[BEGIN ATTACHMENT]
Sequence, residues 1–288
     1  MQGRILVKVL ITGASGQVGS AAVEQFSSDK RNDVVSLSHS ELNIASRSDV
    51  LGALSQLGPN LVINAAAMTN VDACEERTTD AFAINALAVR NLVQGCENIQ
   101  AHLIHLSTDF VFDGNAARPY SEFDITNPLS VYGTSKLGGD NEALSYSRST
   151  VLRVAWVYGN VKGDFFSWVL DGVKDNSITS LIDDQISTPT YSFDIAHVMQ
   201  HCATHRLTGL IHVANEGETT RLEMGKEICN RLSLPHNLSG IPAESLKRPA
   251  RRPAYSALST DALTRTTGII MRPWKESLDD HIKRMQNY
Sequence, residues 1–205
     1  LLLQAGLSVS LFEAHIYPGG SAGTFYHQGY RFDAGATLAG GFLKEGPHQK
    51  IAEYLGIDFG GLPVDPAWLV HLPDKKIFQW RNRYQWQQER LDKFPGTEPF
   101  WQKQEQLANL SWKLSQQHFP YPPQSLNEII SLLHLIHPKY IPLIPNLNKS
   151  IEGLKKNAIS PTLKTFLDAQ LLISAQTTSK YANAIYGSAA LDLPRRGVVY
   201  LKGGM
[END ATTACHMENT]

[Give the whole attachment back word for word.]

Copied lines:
Sequence, residues 1–288
     1  MQGRILVKVL ITGASGQVGS AAVEQFSSDK RNDVVSLSHS ELNIASRSDV
    51  LGALSQLGPN LVINAAAMTN VDACEERTTD AFAINALAVR NLVQGCENIQ
   101  AHLIHLSTDF VFDGNAARPY SEFDITNPLS VYGTSKLGGD NEALSYSRST
   151  VLRVAWVYGN VKGDFFSWVL DGVKDNSITS LIDDQISTPT YSFDIAHVMQ
   201  HCATHRLTGL IHVANEGETT RLEMGKEICN RLSLPHNLSG IPAESLKRPA
   251  RRPAYSALST DALTRTTGII MRPWKESLDD HIKRMQNY
Sequence, residues 1–205
     1  LLLQAGLSVS LFEAHIYPGG SAGTFYHQGY RFDAGATLAG GFLKEGPHQK
    51  IAEYLGIDFG GLPVDPAWLV HLPDKKIFQW RNRYQWQQER LDKFPGTEPF
   101  WQKQEQLANL SWKLSQQHFP YPPQSLNEII SLLHLIHPKY IPLIPNLNKS
   151  IEGLKKNAIS PTLKTFLDAQ LLISAQTTSK YANAIYGSAA LDLPRRGVVY
   201  LKGGM